“After talking to some of the Indigenous people throughout the weekend here, talking about what we do, and how we do it here, it’s very similar – it’s awesome.”
Like Brave Rock, Carter has begun to dabble in acting and modeling work, having won roles in The Revenant with Leonardo DiCaprio, and The Alienist, but he uses his dancing work to connect to his traditions and roots.
“It’s healing. You’re not only healing other people, but you’re healing yourself. You could be having a bad day, and then I’ll hear a Powwow song, or I’ll think about my outfit, I’ll slap it on and I’ll go to a Powwow,” he explained.
“For those three, four minutes that I’m out there for a song, I forget about everything, it’s just me and the drum, and it takes you to another world when you’re out there dancing.”
Brave Rock explained that along with the healing benefits of dance, holding onto those traditional values has provided him with some incredible opportunities.
“I was raised with traditional values that I keep really close, along with my language, having long hair, riding horses, singing and dancing – it’s giving me the opportunity to travel around the world and represent my people of Southern Alberta and share and learn as well, learn about other languages, learn about other cultures as well as sharing my own,” he said.
“For me dancing, it’s a prayer – we dance to the heartbeat of mother earth, because that’s where we come from, and that’s where we go when we die, and to share this experience with the people that are here – I don’t think this has ever been done before, so it’s a huge honour.”
Anishnaabe photographer John Paillé, who attended with the support of the Consulate General of Canada, says the festival provides an opportunity for Indigenous peoples to truly own the way they are perceived and seen in the wider community.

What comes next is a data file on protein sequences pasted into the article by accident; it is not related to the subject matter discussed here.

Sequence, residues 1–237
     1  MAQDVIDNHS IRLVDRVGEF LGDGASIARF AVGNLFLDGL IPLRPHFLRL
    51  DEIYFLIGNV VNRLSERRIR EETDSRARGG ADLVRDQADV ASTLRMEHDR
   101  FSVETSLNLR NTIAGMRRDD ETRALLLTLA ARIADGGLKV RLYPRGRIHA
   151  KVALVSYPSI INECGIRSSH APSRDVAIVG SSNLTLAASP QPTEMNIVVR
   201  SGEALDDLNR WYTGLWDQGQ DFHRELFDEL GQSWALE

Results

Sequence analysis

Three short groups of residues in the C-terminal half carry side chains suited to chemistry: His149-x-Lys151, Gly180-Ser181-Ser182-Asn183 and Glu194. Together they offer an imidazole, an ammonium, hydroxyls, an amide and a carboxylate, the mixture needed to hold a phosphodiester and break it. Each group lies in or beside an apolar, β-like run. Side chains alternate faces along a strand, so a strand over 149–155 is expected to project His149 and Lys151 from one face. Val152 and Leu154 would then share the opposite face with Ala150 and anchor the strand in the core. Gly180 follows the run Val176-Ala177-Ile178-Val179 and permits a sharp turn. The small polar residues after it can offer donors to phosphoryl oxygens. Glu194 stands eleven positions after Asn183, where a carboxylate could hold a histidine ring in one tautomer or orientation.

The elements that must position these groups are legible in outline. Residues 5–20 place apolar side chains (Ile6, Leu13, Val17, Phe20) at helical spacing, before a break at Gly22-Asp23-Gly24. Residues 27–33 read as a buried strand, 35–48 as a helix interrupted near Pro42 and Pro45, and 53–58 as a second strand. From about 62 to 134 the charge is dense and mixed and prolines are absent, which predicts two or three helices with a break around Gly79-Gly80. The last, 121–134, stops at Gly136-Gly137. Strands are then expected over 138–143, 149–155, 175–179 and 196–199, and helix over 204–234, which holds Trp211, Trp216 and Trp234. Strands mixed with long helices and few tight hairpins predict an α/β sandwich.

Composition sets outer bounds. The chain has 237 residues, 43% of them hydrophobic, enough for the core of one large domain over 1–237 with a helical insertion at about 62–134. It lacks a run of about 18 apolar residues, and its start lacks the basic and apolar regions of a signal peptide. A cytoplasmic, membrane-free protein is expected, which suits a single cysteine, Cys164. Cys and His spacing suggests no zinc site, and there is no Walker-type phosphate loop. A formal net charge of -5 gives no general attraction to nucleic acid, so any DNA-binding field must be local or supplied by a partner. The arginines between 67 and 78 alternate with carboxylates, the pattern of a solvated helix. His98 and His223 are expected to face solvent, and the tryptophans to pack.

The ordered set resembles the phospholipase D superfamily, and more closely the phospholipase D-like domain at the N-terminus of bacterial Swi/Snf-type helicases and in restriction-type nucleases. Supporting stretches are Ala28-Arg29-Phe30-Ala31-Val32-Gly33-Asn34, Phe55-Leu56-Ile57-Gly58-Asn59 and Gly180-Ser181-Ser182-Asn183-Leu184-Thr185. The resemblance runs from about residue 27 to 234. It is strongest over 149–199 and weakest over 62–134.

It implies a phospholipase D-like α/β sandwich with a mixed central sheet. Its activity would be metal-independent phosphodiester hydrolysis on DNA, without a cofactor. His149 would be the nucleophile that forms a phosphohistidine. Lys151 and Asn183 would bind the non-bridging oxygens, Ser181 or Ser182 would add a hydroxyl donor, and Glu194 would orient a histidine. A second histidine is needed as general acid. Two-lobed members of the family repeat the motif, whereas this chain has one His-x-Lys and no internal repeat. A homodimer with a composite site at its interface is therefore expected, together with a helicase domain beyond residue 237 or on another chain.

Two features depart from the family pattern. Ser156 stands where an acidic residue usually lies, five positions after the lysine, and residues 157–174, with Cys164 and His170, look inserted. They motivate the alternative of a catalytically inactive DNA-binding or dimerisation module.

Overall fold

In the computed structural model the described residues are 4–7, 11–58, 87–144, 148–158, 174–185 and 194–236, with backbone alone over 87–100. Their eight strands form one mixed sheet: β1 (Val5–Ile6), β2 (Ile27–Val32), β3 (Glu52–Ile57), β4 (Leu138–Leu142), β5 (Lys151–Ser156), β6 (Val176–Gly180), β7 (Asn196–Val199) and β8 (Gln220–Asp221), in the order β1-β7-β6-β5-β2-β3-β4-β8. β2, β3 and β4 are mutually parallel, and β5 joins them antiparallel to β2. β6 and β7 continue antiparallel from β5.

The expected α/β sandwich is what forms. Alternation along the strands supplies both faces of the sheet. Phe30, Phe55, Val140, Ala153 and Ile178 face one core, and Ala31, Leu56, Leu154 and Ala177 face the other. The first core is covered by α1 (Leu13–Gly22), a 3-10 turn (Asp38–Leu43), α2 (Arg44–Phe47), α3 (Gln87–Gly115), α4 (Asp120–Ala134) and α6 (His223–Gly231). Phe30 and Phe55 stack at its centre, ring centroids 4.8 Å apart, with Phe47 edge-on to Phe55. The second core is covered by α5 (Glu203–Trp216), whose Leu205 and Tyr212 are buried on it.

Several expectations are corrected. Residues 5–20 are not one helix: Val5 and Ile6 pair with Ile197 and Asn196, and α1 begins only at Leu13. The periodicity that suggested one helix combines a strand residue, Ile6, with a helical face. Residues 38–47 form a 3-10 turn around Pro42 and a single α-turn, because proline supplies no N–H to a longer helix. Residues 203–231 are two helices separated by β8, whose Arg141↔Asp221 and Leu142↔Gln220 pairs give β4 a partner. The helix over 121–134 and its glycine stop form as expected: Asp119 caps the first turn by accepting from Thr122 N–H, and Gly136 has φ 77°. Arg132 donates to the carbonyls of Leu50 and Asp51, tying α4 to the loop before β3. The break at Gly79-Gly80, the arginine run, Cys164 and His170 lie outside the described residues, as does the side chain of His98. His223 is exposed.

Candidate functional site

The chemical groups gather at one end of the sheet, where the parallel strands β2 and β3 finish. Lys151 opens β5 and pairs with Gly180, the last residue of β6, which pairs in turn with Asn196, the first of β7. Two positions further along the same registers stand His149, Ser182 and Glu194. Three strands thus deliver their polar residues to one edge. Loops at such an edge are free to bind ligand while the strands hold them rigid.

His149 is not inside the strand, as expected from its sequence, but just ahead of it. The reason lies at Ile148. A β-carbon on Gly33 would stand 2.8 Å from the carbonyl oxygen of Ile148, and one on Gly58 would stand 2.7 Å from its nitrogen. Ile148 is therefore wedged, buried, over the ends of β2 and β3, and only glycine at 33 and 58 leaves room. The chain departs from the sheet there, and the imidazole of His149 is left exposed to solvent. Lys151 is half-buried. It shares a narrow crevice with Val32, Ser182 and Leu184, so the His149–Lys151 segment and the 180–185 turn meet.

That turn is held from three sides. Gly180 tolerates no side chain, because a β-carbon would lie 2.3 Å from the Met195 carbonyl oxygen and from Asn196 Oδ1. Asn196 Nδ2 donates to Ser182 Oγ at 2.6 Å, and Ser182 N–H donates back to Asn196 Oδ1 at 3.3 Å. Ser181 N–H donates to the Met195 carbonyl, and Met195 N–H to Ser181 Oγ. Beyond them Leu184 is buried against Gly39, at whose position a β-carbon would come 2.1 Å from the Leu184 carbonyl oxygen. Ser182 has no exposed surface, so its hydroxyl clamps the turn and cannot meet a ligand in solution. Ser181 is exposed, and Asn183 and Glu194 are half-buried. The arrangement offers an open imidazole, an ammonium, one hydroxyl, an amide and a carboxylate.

“I am strong believer in Indigenous peoples controlling how we are represented,” Paillé said.
“We have not always had the ability or access to control how we were represented to non-Indigenous audiences, which is why, as an Anishnaabe photographer, I believe it is important for our own people to be documenting our events, peoples and cultures. Having the Consulate General of Canada support me in capturing this festival, is a great example of how change is happening.”
With the Festival only in its second year, Director Alec Doomadgee and his team will be looking to build upon the success of 2018, with artists and guests alike thrilled with the opportunity and potential of the festival in the future. When asked what he thought about spreading the word and getting other Indigenous Canadians involved in the Gulf Frontier Days Festival 2019, Carter only had one response:
“Oh, I’ll definitely be back next year,” he replied, grinning.
The Consulate General of Canada was a proud supporter the 2018 Gulf Country Frontier Days Festival, which helped to support the attendance of Digging Roots, Eugene Brave Rock & Tymon Carter, as well as photojournalist John Paillé, an Anishinaabe Canadian, whose work can be found HERE